Make it faster: reading binary data


I’m working on a script to read srtm data and use it to build terrains in 3dsMax. I’m using .hgt files which are readily available online. A sample can be downloaded here. Documentation is here.
It works great, but it’s a bit slow. One of the reasons is the fact that the data consists of 16 bit integers. This means I’ve got to read two bytes from the file and turn those into a 16 bit integer to get to my data. Also, the data is provided in big-endian while I need to read it little-endian by reversing the order of the bytes.

So here’s what I’ve got.

function fn_getHgtDataSample hgtFilePath dataCount:160000 =
  	local hgtBinStream = (dotNetClass "").open hgtFilePath (dotnetClass "").open --open the hgt file as a filestream
  	local hgtReadMethod = (hgtBinStream.GetType()).GetMethod "Read" --using the normal .read method didn't work:
  	local theBuffer = dotnetobject "System.Byte[]" (dataCount * 2) --set up a buffer to get the requested amount of data. Each data-item consists of 2 bytes
  	local isLittleEndian = (dotNetClass "System.BitConverter").IsLittleEndian --the hgt data is big-endian. We need to reverse the byte order to get good data
  	local toInt16 = (dotNetClass "System.BitConverter").ToInt16 --this method will convert two bytes (8 bit each) to a 16 bit signed integer
  	hgtReadMethod.invoke hgtBinStream #(theBuffer, 0, theBuffer.Length) --get an entire row of data
  	if isLittleEndian do theBuffer.Reverse theBuffer --going from big-endian to little-endian
  	local arrData = for i = 0 to theBuffer.Length-1 by 2 collect ToInt16 theBuffer i --loop over the streamed bytes and collect int16's
  	local st = timeStamp()
  	local mem = heapFree
  	local hgtPath = @"some\path	o	he\file\here\N34W119.hgt"
  	local theData = fn_getHgtDataSample hgtPath dataCount:160000 
  	format "%" (msg as string)
  	format "Time: % ms, memory: %
" (timestamp()-st) (mem-heapfree)

Now I’m streaming the data. An alternative I’ve found is to use a binaryreader. It has a method to read int16 directly from the data, but it only works if the data is little-endian, which it is not.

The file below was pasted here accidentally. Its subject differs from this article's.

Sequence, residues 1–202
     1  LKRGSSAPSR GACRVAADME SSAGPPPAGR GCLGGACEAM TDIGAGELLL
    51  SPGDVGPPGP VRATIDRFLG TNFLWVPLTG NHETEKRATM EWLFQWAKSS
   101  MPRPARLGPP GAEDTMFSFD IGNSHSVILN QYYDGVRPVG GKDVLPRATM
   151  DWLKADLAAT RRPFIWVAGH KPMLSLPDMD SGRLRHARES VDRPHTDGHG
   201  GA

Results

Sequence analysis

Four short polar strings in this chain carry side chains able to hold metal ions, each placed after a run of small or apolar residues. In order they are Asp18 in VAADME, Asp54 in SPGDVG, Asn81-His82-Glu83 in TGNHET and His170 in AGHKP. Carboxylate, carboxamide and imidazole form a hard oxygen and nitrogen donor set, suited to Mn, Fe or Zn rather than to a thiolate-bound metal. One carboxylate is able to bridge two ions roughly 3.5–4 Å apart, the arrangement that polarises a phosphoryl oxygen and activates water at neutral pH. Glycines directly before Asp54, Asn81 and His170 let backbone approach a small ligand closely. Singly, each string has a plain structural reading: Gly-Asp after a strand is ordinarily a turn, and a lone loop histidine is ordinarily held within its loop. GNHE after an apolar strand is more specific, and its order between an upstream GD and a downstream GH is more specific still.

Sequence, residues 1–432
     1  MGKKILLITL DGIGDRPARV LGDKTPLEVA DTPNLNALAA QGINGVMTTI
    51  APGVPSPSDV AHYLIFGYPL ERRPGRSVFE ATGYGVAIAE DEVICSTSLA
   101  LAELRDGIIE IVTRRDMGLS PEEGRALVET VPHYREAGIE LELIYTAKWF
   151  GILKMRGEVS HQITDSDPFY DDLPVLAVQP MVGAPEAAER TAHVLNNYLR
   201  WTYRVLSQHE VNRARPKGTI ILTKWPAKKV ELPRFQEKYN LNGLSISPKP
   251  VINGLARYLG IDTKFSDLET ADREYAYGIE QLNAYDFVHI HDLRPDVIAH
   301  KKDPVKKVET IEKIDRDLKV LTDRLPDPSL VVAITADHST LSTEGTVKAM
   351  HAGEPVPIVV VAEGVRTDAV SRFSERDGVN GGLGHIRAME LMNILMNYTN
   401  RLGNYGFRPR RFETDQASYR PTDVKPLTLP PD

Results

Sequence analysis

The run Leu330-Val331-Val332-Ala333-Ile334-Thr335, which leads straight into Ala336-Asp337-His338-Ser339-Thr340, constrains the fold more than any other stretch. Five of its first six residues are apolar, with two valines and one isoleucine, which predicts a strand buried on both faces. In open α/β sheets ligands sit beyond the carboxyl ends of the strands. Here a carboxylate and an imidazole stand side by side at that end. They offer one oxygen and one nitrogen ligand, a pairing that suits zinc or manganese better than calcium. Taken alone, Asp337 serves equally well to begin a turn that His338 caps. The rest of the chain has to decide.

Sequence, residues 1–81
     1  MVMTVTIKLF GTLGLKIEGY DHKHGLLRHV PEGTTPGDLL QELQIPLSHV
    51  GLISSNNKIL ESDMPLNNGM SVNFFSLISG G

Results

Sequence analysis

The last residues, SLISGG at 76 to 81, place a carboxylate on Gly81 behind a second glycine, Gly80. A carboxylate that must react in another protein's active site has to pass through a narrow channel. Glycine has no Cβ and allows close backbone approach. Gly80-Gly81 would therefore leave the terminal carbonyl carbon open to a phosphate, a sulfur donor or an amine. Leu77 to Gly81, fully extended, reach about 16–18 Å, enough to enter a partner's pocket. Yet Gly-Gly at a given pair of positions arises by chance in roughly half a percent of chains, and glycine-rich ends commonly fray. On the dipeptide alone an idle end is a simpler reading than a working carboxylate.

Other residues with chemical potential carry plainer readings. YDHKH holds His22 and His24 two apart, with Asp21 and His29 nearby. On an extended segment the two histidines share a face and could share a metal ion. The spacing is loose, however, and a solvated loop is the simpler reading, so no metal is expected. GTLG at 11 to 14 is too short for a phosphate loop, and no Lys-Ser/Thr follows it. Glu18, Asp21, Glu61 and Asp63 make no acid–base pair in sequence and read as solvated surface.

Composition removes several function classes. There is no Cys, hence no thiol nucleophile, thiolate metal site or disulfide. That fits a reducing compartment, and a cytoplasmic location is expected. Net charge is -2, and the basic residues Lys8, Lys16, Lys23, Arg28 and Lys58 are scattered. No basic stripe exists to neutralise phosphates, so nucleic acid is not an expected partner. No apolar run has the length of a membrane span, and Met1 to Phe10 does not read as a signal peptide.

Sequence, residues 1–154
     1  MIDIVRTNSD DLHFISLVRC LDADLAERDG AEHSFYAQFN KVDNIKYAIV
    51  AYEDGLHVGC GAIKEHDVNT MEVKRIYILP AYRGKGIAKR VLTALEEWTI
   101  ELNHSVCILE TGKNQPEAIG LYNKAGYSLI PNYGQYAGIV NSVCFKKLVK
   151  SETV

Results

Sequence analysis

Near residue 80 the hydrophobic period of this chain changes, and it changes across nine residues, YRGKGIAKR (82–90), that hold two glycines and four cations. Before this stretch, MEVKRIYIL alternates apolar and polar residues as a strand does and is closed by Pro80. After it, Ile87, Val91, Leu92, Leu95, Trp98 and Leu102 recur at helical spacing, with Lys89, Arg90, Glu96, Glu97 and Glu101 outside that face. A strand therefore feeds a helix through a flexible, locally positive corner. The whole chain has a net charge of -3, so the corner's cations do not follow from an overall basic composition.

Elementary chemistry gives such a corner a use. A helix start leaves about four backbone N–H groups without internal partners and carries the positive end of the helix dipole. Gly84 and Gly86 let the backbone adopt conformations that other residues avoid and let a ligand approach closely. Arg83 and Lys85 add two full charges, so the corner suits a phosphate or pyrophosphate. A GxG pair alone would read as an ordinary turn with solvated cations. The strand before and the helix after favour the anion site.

The above sample will get 160k points of data which means a grid of 400 by 400. Other methods will arrange the data in an actual grid and build the meshes. Getting the data takes a little over 1 second on my machine. I’d like to make it faster.


It looks like a massive parallel process, so if you want high performance i recommend you to do that with CUDA/OpenCL and Max SDK.


I’m afraid the SDK is out of my league.
I was hoping for some pointers on either reading the data faster or converting the raw data faster into the values I need. But if there are no apparent improvements possible within maxscript, I’ll make do with what I have now.


try these two things:

netbytes = (dotnetclass "System.IO.File").ReadAllBytes @"c:	emp\N34W119.hgt" asdotnetobject:on
mxsbytes = (dotnetclass "System.IO.File").ReadAllBytes @"c:	emp\N34W119.hgt" 

the difference between them is first doesn’t convert to mxs value (array of integers).
the conversion takes 90% of all reading time.
the best you can get is about a half of second method, because you will return two times smaller array combining two bytes in one integer.


Thanks Denis for the suggestion, again.
I’ve implemented the readallbytes method like so

function fn_getHgtDataSample hgtFilePath dataCount:160000 =
 	local netbytes = (dotnetclass "System.IO.File").ReadAllBytes hgtFilePath asdotnetobject:on
 	local isLittleEndian = (dotNetClass "System.BitConverter").IsLittleEndian --the hgt data is big-endian. We need to reverse the byte order to get good data
 	local toInt16 = (dotNetClass "System.BitConverter").ToInt16 --this method will convert two bytes (8 bit each) to a 16 bit signed integer
 	if isLittleEndian do netbytes.Reverse netbytes --going from big-endian to little-endian
 	local arrData = for i = 0 to dataCount*2-1 by 2 collect ToInt16 netbytes i --loop over the bytes and collect int16's

So instead of streaming the bytes, I’m getting the entire file in memory at once. This is ok, since my files are all 2.75 MB, not too large. There’s hardly any speed difference though. Still a little over 1 second. It’s better on memory than the streaming solution.
I guess the bulk of the processing time is in the conversion from two bytes to an integer.


here is how you can do it with on-fly assembly:

fn readFileOpsAssembly =
 	source  = ""
 	source += "using System;
 	source += "public class ReadFileOps
 	source += "{
 	source += "	public UInt16[] ReadFileShort(string file)
 	source += "	{
 	source += "		byte[] data = System.IO.File.ReadAllBytes(file);
 	source += "		int len = Buffer.ByteLength(data);
 	source += "		UInt16[] result = new UInt16[len / 2];
 	source += "		for (int k = 0, i = 0; k < len; k += 2, i++)
 	source += "		{
 	source += "			result[i] = (UInt16)(data[k + 1] << 8 | data[k]);
 	source += "		}
 	source += "		return result;
 	source += "	}
 	source += "}
 	csharpProvider = dotnetobject "Microsoft.CSharp.CSharpCodeProvider"
 	compilerParams = dotnetobject "System.CodeDom.Compiler.CompilerParameters"
 	compilerParams.GenerateInMemory = on
 	compilerResults = csharpProvider.CompileAssemblyFromSource compilerParams #(source)
 	compilerResults.CompiledAssembly.CreateInstance "ReadFileOps"
 fileops = readFileOpsAssembly()
 bb = fileops.ReadFileShort @"c:	emp\N34W119.hgt"

as i said it’s about 2 time faster.

ps. double check that i do right the ‘little indian’ conversion


the bulk is the conversion of .net object(s) to mxs value(s). that’s why a SDK solution can dramatically change the performance


Yes, exactly. And thanks for the piece of code. It performs like you said.